As my ecological comprehension of the region has grown, I’ve come to “own” the landscape wherever I travel. Riding through farmland, I notice the deep drainage ditching that makes agriculture possible. I know also that here, pre-drainage, a great cedar-cypress swamp once covered 60,000 acres, and beyond that I know the underlying wetland soils would immediately revert to swampiness if we could plug those ditches.

And while I favor swamps, I can appreciate where a green gloss on winter cornfields means the farmer is using cover crops to stop nitrogen fertilizer from running into the Bay. I also notice where farmers are plowing on the contour, installing grass swales and natural buffers to keep soil and nutrients out of the water.

Beware though: A keen appreciation for the land also risks heartbreak whenever you see the pipes and survey markers that mean field and forest will soon be stripped and paved for development.

Lately, I’ve been looking at the big power lines and gas pipeline right-of-ways that arrow across the landscape and wondering why we can’t make these do double duty as hiking-biking corridors.

The possibilities came home to me after some happy weeks roaming the Netherlands with lifelong Dutch friends. While that people-dense nation hasn’t 1 percent of the untrammeled landscapes of the United States, it is so interlaced with trails that there is scarcely a single citizen who cannot quickly hop onto a trail network that connects them to everywhere in the country.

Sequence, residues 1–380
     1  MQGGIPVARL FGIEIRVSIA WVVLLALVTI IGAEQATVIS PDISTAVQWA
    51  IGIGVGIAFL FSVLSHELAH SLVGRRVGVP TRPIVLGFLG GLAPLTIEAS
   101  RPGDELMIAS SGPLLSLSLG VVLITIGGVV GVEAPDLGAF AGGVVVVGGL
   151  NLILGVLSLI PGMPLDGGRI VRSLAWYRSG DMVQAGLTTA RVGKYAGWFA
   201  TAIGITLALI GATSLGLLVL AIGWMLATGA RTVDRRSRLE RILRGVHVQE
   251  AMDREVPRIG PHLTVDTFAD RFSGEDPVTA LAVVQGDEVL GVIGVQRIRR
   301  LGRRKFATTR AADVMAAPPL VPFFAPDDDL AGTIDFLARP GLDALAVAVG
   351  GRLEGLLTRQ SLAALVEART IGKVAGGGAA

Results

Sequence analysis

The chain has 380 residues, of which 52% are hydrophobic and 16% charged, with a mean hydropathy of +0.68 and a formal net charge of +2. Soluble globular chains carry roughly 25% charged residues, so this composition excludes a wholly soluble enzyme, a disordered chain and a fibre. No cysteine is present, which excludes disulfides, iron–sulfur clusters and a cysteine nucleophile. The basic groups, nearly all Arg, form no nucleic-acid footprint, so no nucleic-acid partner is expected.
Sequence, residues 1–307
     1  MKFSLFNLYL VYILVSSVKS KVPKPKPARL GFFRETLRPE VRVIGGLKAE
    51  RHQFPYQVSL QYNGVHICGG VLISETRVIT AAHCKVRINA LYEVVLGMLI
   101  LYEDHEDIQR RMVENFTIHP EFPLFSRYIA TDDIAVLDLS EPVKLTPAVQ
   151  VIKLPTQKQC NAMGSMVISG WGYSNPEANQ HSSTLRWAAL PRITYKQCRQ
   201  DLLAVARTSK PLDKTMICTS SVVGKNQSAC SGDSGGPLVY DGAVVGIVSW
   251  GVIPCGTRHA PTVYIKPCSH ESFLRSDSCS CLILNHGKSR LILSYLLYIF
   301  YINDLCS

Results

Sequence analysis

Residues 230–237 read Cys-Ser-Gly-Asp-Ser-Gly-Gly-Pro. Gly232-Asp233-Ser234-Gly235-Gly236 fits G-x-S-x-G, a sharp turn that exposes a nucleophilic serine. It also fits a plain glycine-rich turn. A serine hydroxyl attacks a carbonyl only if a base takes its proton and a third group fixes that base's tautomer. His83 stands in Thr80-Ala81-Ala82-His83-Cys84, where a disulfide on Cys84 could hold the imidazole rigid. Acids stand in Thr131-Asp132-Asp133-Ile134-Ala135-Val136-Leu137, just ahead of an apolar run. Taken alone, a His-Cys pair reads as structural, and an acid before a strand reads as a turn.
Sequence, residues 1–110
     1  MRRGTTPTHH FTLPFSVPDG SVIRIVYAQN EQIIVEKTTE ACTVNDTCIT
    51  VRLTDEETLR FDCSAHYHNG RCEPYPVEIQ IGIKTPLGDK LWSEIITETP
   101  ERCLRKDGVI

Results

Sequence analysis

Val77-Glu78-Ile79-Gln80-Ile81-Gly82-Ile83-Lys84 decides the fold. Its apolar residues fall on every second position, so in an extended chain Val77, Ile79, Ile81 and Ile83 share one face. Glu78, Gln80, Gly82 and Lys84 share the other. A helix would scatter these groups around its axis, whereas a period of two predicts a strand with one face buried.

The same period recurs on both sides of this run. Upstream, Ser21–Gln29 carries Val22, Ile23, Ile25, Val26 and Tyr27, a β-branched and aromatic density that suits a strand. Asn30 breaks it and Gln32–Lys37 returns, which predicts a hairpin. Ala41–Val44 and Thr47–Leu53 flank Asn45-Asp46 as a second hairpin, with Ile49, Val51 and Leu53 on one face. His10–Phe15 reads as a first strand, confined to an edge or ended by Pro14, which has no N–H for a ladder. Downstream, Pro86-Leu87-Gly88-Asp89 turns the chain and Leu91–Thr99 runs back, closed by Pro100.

Even where access is restricted, there are ways to push the edge. A friend of mine, who loves fishing and progging the remote seaside edges of Virginia’s Eastern Shore, has outfitted his skiff with a foldout platform so he can pitch a tent on the bow while anchored alongside barrier islands that are off limits to overnight stays. Last year, he took a whole high school class along for a week with tents lashed to a barge.

I suppose if I’d gotten rich, I’d own more land than the tenth of an acre behind my home. But think how much time acquiring that wealth might have taken away from a lifetime spent roaming the Chesapeake.

Tom Horton has written about Chesapeake Bay for more than 40 years, including eight books. He lives in Salisbury, where he is also a professor of Environmental Studies at Salisbury University. His views do not necessarily those of the Bay Journal.

Chesapeake Region Unlikely to Meet 2025 Bay Cleanup Goals, Unless it Picks up Pace

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The Chesapeake Bay is getting healthier, but its recovery is “fragile” unless state and federal governments pick up the pace of their actions, environmental groups warned Wednesday.

As the halfway point toward the 2025 cleanup deadline approaches, the nonprofit Chesapeake Bay Foundation reported that the region is generally on track toward meeting pollution reduction goals for phosphorus and sediment but is far off pace for nitrogen.